Jack TenneyExtra Point

by Jack Tenney, Publisher

August 2000

Gurus, czars and reliable sources

I am not hearing as much about new paradigms these days. For a time, human resource gurus, war-on-drug czars and countless reliable sources all touted new paradigms. A paradigm is a non-math algorithm, I think. Anyway, since so few people are talking about them, who cares?

Today, the new thing to consider is undoubtedly the old economy. The new economy is definitely maturing and seems to be collapsing around its own growth curves while the old economy is beginning to bloom like the Oregon cascades a couple of decades after Mount St. Helens went kablooie. It's as if the song is right, "Everything old is new again ..."

So let's do the math.

Used to be, little kids who were having their tonsils out and mothers with new babies stayed in the hospital three to five days. In today's high-tech world, angioplasty is an outpatient procedure. The result has been a tremendous reallocation of resources. A hospital room that annually cost $10,000 to run in 1950 costs $300,000 to replace and its utilization has decreased from 500 patient days to 100 patient days, yielding an increase in cost per patient day from $20 to $3,000. Solution: Out-source hospital rooms to Motel 6 and encourage more moms to have more kids and have all their tonsils and adenoids out by age six.

I know I'm old but believe me when I tell you the so-called Monkey Trial was before my time. Be that as it may, the American Civil Liberties Union finds it effective to rally folks to their side (contribute money) by running ads featuring a Bible with a headline "Some people think this is a science book." So that old monkey's uncle argument is back. Here's my suggestion for the ultimate proof that Darwin's theory of evolution is hooey.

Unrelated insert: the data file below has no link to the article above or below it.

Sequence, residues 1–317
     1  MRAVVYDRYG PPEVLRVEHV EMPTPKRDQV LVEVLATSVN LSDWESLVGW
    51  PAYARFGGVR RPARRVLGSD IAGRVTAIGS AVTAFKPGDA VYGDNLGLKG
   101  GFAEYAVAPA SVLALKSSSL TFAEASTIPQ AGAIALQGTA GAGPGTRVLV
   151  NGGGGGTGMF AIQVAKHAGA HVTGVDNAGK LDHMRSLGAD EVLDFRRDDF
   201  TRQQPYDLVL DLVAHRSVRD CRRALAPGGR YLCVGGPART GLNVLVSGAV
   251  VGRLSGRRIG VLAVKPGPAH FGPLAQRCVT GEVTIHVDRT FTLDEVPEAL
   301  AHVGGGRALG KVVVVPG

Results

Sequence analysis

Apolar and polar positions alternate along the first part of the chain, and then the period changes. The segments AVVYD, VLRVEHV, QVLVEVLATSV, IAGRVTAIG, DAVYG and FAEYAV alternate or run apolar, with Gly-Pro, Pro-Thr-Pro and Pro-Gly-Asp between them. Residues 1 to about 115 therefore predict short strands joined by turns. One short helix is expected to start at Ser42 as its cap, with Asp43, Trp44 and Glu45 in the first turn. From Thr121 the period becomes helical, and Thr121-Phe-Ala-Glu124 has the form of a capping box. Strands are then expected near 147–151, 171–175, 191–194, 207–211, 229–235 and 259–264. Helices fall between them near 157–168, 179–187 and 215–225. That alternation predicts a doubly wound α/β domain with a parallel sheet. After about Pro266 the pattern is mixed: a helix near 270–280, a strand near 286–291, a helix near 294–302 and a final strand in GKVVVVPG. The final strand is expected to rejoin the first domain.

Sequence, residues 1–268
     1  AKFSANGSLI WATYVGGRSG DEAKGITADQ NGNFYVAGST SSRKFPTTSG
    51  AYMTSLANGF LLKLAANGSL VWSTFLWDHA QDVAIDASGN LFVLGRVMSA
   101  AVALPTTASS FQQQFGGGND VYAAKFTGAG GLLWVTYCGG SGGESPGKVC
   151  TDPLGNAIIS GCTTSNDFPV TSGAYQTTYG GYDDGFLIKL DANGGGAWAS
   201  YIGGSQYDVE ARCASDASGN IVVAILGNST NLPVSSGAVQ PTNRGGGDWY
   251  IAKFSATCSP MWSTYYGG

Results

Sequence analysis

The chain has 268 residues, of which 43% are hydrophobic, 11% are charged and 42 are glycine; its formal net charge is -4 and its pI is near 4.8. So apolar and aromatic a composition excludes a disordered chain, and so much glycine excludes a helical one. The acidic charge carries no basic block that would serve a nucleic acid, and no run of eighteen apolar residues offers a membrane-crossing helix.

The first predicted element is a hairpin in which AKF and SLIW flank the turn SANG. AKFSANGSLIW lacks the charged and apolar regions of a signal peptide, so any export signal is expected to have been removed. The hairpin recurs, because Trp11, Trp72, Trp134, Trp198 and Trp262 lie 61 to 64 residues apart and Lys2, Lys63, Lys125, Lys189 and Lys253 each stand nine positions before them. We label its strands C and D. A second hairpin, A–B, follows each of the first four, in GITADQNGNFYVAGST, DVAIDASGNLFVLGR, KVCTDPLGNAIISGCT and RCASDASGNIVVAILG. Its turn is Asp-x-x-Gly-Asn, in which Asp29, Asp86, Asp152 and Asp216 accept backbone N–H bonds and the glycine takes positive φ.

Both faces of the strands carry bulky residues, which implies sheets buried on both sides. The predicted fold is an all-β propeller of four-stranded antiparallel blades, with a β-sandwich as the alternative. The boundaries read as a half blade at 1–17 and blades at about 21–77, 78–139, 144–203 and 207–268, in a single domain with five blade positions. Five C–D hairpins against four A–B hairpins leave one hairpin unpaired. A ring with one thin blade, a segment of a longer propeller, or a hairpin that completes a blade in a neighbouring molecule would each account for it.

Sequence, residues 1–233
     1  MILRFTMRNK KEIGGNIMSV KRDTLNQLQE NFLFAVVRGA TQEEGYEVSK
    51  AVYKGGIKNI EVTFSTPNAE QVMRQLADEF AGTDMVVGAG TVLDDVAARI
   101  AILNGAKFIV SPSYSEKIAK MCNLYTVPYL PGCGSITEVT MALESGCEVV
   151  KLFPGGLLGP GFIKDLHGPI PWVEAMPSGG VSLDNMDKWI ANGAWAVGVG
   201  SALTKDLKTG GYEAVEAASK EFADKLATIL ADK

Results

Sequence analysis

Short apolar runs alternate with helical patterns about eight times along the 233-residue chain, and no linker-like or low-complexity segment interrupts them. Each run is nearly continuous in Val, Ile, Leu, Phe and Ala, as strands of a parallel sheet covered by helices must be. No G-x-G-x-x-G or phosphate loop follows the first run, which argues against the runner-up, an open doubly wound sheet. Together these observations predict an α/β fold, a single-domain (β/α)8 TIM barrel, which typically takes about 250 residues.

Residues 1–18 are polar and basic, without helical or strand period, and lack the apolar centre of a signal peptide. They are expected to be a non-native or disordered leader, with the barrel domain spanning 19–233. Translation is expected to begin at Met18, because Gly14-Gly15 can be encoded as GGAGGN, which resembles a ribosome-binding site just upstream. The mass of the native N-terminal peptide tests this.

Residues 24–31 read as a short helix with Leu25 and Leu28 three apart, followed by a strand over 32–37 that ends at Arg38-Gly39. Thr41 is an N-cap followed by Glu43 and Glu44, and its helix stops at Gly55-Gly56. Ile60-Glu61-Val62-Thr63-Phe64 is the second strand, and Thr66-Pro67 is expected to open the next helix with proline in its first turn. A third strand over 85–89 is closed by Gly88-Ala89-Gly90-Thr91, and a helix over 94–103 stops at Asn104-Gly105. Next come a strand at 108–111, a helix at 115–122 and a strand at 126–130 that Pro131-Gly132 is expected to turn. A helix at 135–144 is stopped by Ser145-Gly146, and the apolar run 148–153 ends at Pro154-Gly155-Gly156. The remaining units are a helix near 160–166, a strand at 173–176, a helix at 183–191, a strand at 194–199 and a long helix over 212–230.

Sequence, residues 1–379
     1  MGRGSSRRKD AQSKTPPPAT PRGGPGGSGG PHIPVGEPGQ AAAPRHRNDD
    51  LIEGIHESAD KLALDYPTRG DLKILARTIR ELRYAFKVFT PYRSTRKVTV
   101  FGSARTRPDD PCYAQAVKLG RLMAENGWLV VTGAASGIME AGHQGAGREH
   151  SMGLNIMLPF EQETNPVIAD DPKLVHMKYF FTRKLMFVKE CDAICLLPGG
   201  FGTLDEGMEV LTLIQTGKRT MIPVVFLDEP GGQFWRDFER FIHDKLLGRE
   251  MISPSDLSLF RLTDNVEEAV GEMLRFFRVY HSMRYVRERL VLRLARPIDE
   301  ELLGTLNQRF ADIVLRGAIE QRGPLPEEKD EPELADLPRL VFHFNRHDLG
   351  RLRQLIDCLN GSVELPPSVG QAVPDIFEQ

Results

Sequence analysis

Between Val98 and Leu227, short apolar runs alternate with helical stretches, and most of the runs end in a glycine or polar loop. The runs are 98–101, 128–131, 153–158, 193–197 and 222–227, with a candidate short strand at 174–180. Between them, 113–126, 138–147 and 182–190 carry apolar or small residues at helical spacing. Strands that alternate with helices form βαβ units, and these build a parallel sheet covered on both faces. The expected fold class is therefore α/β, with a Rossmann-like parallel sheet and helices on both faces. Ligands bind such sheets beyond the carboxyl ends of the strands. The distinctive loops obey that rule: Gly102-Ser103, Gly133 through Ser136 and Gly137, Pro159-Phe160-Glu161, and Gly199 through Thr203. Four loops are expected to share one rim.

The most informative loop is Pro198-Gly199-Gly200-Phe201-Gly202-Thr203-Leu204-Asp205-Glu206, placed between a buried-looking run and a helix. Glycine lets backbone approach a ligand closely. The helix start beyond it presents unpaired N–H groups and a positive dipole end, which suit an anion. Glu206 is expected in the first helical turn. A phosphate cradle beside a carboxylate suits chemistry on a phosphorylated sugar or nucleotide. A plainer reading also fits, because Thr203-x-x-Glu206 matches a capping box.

"The theory is based on the argument that the surviving species are fitter than the preceding. So how come my parents' generation learned Latin and Greek, wrote beautifully and could spell, but my generation considered multiple choice questions tougher than true-false (complexity differentiation theory) and my kids are even dumber than me?" (Note: This argument might have more impact if the presenter were to say "more fitter" and "more dumber.")

Other recycled winners are (in no particular order): cruising bicycles, commuter passenger trains, porches, gazebos, gravy, high-top running shoes, dark beers, croquet, baseball, ballroom dancing, cocker spaniels and musical comedies.

Some old things that aren't back yet but they'll be here sooner than you think: wooden stuff -- bats, boats, rackets, skis, oars, golf clubs; hats with brims, not bills styled by gender; tonics in the form of pharmaceutical water (the side effects of some cholesterol controlling medications include increased bone density and reduction of some cancers); and cuffs (although they'll be called "turn-ups" as part of a whole "Up with England" movement).